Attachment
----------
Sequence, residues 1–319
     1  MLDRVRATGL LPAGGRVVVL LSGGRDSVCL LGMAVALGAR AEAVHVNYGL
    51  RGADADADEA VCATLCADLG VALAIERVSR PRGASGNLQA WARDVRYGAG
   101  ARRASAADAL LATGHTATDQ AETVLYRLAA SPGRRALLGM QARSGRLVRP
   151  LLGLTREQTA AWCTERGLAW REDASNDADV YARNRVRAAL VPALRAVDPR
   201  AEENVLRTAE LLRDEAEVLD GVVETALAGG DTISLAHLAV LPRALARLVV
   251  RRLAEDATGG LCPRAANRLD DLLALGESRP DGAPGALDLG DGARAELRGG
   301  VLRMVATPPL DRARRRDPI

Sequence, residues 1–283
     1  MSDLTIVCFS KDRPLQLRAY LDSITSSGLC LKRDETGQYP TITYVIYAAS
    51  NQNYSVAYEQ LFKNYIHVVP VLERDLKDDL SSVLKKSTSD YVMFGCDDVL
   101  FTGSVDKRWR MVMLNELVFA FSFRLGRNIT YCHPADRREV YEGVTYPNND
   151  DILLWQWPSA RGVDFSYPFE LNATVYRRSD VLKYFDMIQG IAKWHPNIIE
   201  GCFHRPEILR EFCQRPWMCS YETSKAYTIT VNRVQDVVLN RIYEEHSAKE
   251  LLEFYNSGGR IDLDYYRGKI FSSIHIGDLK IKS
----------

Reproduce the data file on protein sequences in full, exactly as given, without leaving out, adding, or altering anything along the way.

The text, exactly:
Sequence, residues 1–319
     1  MLDRVRATGL LPAGGRVVVL LSGGRDSVCL LGMAVALGAR AEAVHVNYGL
    51  RGADADADEA VCATLCADLG VALAIERVSR PRGASGNLQA WARDVRYGAG
   101  ARRASAADAL LATGHTATDQ AETVLYRLAA SPGRRALLGM QARSGRLVRP
   151  LLGLTREQTA AWCTERGLAW REDASNDADV YARNRVRAAL VPALRAVDPR
   201  AEENVLRTAE LLRDEAEVLD GVVETALAGG DTISLAHLAV LPRALARLVV
   251  RRLAEDATGG LCPRAANRLD DLLALGESRP DGAPGALDLG DGARAELRGG
   301  VLRMVATPPL DRARRRDPI

Sequence, residues 1–283
     1  MSDLTIVCFS KDRPLQLRAY LDSITSSGLC LKRDETGQYP TITYVIYAAS
    51  NQNYSVAYEQ LFKNYIHVVP VLERDLKDDL SSVLKKSTSD YVMFGCDDVL
   101  FTGSVDKRWR MVMLNELVFA FSFRLGRNIT YCHPADRREV YEGVTYPNND
   151  DILLWQWPSA RGVDFSYPFE LNATVYRRSD VLKYFDMIQG IAKWHPNIIE
   201  GCFHRPEILR EFCQRPWMCS YETSKAYTIT VNRVQDVVLN RIYEEHSAKE
   251  LLEFYNSGGR IDLDYYRGKI FSSIHIGDLK IKS